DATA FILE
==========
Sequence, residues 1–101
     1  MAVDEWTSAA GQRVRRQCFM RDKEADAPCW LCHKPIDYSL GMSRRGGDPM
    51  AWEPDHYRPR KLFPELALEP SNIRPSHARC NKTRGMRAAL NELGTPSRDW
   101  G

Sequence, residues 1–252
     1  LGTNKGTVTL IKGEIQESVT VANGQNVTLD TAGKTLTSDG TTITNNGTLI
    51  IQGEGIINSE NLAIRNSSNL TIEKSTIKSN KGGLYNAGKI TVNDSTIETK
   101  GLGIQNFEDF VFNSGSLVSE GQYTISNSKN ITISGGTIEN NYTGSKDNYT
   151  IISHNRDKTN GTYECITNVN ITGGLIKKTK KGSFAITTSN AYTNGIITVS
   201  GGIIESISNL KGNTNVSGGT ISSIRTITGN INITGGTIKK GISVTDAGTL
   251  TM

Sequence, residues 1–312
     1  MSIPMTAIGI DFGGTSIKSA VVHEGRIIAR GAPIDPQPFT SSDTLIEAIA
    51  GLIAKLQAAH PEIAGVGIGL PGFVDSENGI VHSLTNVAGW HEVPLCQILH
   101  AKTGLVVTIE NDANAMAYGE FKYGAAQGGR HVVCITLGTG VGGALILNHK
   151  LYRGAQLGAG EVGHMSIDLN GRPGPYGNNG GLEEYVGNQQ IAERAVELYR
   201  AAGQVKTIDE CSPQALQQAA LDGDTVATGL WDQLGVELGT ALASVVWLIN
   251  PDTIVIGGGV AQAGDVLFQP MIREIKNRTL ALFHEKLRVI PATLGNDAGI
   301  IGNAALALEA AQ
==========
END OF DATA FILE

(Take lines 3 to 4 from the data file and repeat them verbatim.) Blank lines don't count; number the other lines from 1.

    51  AWEPDHYRPR KLFPELALEP SNIRPSHARC NKTRGMRAAL NELGTPSRDW
   101  G